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Germany will fine Facebook, Twitter if they don’t remove hate speech

Germany is holding social media giants financially accountable for their actions.


Christina Bonnington


Published Jan 2, 2018   Updated May 22, 2021, 6:17 am CDT

Germany is cracking down on large social media networks that don’t react to hate speech quickly enough.

In a law that was passed this summer and will be fully enforced starting Tuesday, social networks like Facebook and Twitter could be fined up to 50 million euros ($60 million) if they don’t remove hate speech within 24 hours of a complaint.

The law actually went into effect in early October but offered a grace period to give social sites time to build up infrastructure and staff to effectively comply. Called the network enforcement act (or NetzDG), the law only applies to social networks with more than 2 million users in Germany. Facebook, Twitter, and YouTube are reportedly the primary targets of the legislation, but other Reddit, Flickr, Tumblr, and Vimeo also fall under the guidelines.

Already, the new law has led to a criminal investigation of Beatrix von Storch, the deputy leader of a far-right German political party who referred to Muslims “barbarians” on Twitter and Facebook. Twitter temporarily banned Storch.

Germany’s law requires that social networks remove hate speech (which includes racist content and instances of fake news) within a day of a complaint being filed. However, if the case isn’t straightforward, networks have up to a week to take action. The German government will have around 50 people on staff to enforce this law. Facebook has beefed up its own content reviewing staff in the country, as well, reportedly hiring several hundred people to review and remove hateful posts.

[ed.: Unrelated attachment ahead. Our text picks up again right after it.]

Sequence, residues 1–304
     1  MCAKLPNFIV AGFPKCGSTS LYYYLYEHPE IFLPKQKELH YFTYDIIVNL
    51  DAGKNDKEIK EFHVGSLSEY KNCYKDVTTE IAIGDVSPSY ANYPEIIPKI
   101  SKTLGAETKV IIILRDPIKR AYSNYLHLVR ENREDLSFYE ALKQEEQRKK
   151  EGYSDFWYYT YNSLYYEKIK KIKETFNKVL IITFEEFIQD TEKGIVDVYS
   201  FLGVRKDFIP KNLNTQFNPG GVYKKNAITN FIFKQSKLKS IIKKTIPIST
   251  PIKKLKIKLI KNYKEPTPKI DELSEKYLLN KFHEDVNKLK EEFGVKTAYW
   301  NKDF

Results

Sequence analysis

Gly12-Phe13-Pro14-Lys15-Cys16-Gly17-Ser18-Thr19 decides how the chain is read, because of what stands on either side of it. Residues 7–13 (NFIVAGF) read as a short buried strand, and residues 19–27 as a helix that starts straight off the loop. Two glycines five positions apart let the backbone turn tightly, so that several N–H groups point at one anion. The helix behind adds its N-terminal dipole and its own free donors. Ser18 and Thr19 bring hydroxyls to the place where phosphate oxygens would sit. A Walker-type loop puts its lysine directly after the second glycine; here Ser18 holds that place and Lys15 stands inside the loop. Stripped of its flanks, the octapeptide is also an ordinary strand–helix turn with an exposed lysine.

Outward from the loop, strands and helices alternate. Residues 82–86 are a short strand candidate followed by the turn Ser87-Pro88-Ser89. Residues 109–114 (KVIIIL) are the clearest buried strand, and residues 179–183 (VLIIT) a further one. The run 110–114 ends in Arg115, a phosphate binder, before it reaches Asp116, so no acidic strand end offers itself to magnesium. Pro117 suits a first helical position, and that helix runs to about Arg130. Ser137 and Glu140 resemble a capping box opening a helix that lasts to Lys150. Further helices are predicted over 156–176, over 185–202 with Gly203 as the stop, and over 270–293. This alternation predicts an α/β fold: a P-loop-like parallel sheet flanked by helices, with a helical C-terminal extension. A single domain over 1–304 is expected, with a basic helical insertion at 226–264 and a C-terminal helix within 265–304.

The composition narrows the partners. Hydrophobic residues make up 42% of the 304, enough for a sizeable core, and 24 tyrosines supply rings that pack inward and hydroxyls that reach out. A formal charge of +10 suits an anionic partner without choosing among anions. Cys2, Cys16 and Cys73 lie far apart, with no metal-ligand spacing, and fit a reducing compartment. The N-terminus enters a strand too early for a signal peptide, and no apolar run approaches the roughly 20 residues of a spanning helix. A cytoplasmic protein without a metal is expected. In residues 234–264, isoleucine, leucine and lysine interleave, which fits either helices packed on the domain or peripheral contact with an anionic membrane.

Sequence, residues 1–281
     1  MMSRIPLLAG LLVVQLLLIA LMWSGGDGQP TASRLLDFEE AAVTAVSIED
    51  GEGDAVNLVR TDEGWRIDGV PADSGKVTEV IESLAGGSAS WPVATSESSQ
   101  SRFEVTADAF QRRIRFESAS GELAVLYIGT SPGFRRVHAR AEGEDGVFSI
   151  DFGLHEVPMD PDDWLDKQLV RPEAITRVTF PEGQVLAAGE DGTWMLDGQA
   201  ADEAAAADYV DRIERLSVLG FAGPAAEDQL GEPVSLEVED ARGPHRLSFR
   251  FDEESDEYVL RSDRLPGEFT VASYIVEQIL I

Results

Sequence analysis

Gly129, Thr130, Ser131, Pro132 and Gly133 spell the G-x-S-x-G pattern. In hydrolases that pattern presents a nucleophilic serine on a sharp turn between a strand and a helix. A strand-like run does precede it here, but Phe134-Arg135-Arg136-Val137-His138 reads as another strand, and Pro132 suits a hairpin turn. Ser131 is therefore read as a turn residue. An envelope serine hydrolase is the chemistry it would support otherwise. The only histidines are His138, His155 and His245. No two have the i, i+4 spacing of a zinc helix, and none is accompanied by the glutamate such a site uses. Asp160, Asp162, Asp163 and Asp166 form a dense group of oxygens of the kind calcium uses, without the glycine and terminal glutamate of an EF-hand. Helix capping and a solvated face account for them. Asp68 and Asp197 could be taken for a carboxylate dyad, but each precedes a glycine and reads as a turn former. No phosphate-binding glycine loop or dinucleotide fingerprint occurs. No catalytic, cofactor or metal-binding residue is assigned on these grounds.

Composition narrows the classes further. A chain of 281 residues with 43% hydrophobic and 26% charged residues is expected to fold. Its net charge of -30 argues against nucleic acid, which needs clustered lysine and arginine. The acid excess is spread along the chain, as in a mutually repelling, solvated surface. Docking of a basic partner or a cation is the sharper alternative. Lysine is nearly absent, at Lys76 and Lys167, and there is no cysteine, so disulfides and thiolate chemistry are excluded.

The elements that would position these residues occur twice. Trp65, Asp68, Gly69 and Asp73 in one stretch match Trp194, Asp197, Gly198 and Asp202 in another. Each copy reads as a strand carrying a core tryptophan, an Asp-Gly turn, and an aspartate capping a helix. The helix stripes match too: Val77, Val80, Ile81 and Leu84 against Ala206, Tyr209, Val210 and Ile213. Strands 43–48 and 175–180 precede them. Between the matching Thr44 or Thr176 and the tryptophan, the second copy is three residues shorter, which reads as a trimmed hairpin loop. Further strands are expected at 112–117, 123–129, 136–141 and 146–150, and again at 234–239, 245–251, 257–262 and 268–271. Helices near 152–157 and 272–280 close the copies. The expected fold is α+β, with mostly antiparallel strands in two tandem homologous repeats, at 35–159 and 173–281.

While the law is well-meaning and could ensure the internet is a more peaceful place, it does have potential negatives.

“To avoid heavy fines, social networks would be tempted to delete content, possibly a great deal of content, thereby restricting free speech and obstructing freedom of information for users of social networks, which are now one of the main methods of accessing news and information,” Reporters Without Borders, an organization that helps defend journalists and freedom of information, wrote in a May blog post before the law was passed.

In recent months, Facebook, Twitter, and other social networks have stepped up their efforts to battle bullying and hate speech on their platforms—albeit sometimes in a misguided way.

If Germany’s law is successful, it’s likely we could see other countries adopt similar legislation. Russia has already followed suit, while other European nations are also highly critical and outspoken about social media companies’ current efforts to combat hate speech.

If all goes well, people will learn to quit posting hurtful, racist content, and social media sites will step up their efforts to take complaints seriously—not just in Germany but across the globe.

H/T BBC News

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*First Published: Jan 2, 2018, 3:31 pm CST